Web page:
‘That’s How God Works’: Steve Harvey Shares Why He Believes He Earned Fame Later in Life

With over three decades in the entertainment industry, veteran comedian Steve Harvey is proud to share his journey to becoming a television legend. During a recent episode of his latest series “Judge Steve Harvey,” the 65-year-old shared why he believed he found fame later in life even with hard work.

The admission came during an episode titled “I’ve Learned Absolutely Nothing,” when he scolded a young man for paying $17,000 toward a Tesla car despite still owing a friend $5,000. Still, the longtime host said he couldn’t go too harsh on the guy admitting that he would’ve made similar decisions at his age. 

LAS VEGAS, NV – JULY 23: Host Steve Harvey speaks during the 2016 Neighborhood Awards hosted by Steve Harvey at the Mandalay Bay Events Center on July 23, 2016 in Las Vegas, Nevada. (Photo by David Becker/Getty Images for Nu-Opp, Inc)

“The Lord didn’t give me this money when I was in my 30s. You know why he didn’t give me this life in my 30s?” the host said. “Because he knew I’da blew it,” he continued. “Because I’da taken advantage of this fame and this money in a different kind of way. So the Lord waited till I was too old to mess it up. The Lord waited until I had good sense. Then He gave me a life and appreciating a family and somebody to work toward. That’s how God works; He’s smart.”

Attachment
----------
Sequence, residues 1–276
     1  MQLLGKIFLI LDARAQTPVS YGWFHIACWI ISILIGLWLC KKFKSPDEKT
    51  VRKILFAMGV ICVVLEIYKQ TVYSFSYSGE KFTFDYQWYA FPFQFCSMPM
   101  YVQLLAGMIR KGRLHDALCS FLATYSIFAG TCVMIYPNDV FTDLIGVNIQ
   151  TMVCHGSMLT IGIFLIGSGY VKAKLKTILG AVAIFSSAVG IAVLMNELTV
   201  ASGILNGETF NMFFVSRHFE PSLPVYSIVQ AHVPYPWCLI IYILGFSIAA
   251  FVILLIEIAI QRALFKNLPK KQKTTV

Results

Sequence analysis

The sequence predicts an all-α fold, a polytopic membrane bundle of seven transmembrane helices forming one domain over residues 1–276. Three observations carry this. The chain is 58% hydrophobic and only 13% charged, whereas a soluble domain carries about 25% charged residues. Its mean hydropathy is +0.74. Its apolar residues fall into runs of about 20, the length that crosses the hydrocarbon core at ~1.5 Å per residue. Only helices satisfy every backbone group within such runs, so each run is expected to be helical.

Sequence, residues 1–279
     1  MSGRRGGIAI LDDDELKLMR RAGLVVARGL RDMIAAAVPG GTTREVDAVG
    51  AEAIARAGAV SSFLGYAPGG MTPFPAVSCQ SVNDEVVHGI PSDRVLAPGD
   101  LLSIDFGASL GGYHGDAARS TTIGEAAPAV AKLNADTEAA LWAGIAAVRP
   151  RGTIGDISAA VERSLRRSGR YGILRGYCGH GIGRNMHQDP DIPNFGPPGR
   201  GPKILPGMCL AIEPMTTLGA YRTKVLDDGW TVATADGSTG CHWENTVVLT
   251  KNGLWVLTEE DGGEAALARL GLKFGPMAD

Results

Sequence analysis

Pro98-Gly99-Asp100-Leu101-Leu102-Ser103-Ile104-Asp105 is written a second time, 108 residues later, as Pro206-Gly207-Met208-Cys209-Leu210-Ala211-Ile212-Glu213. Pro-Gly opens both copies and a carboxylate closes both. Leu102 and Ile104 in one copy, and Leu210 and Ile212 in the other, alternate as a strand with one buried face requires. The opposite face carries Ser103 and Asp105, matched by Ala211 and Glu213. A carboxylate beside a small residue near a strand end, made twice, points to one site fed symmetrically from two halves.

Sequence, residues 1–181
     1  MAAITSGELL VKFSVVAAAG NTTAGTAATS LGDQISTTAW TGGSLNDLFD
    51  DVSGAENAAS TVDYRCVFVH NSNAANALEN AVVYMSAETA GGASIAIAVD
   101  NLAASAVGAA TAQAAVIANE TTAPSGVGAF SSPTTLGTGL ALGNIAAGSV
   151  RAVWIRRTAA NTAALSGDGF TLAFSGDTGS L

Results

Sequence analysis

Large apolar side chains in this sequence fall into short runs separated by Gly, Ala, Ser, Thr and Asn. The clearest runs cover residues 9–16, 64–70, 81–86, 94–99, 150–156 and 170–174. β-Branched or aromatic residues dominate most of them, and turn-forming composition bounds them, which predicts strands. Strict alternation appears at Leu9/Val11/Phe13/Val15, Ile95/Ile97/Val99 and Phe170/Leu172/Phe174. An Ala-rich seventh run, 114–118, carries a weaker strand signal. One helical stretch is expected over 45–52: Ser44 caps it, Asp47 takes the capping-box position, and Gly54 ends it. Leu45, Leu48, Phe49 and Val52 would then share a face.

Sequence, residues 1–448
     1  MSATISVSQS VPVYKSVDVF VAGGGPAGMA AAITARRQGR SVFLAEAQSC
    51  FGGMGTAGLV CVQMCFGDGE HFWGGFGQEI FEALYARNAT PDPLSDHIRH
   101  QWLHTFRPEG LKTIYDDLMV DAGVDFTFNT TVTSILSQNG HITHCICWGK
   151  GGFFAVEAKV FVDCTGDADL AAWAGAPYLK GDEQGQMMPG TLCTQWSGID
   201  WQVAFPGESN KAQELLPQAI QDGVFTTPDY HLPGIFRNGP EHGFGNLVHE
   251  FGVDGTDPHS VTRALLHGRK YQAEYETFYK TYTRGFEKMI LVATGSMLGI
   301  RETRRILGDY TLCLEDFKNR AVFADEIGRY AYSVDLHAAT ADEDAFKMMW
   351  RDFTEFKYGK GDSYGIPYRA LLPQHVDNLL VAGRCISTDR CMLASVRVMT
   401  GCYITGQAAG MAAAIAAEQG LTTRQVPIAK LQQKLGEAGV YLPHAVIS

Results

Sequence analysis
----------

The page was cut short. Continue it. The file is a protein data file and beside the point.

Last month, Harvey opened up about his financial history during an appearance on the “Earn Your Leisure Podcast” with co-hosts Rashad Bilal and Troy Millings, where he recalled owing the IRS $22 million in 2008.

“My accountant died, and an accountant that worked for him called my lawyer and said, ‘We have a problem,’” he said, shocking listeners. “She had found on the floor all my tax forms for seven years, signed with the checks stapled to them.” He explained that his advisors “were cashing the checks, keeping the money, and not turning in the tax forms.”  

When asked how the incident occurred when the checks were signed out to the government, he explained that “They didn’t cash it; they took the money out the account that matched the exact number.” Harvey ultimately spent the next seven years paying back $650,000 a month, including his current taxes and daily living expenses. 

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